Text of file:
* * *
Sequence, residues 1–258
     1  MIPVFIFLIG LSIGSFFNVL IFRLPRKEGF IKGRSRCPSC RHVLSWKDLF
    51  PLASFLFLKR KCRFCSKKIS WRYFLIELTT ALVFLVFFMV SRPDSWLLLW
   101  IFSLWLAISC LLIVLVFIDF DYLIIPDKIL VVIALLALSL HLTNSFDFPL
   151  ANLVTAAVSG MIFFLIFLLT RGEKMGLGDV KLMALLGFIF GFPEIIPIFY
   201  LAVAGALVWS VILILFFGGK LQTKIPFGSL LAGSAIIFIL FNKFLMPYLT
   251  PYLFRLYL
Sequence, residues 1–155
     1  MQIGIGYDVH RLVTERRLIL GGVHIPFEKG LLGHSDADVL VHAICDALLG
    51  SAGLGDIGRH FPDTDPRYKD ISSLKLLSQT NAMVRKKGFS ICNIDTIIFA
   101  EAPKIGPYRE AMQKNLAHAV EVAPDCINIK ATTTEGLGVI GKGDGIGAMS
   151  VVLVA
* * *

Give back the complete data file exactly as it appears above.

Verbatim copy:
Sequence, residues 1–258
     1  MIPVFIFLIG LSIGSFFNVL IFRLPRKEGF IKGRSRCPSC RHVLSWKDLF
    51  PLASFLFLKR KCRFCSKKIS WRYFLIELTT ALVFLVFFMV SRPDSWLLLW
   101  IFSLWLAISC LLIVLVFIDF DYLIIPDKIL VVIALLALSL HLTNSFDFPL
   151  ANLVTAAVSG MIFFLIFLLT RGEKMGLGDV KLMALLGFIF GFPEIIPIFY
   201  LAVAGALVWS VILILFFGGK LQTKIPFGSL LAGSAIIFIL FNKFLMPYLT
   251  PYLFRLYL
Sequence, residues 1–155
     1  MQIGIGYDVH RLVTERRLIL GGVHIPFEKG LLGHSDADVL VHAICDALLG
    51  SAGLGDIGRH FPDTDPRYKD ISSLKLLSQT NAMVRKKGFS ICNIDTIIFA
   101  EAPKIGPYRE AMQKNLAHAV EVAPDCINIK ATTTEGLGVI GKGDGIGAMS
   151  VVLVA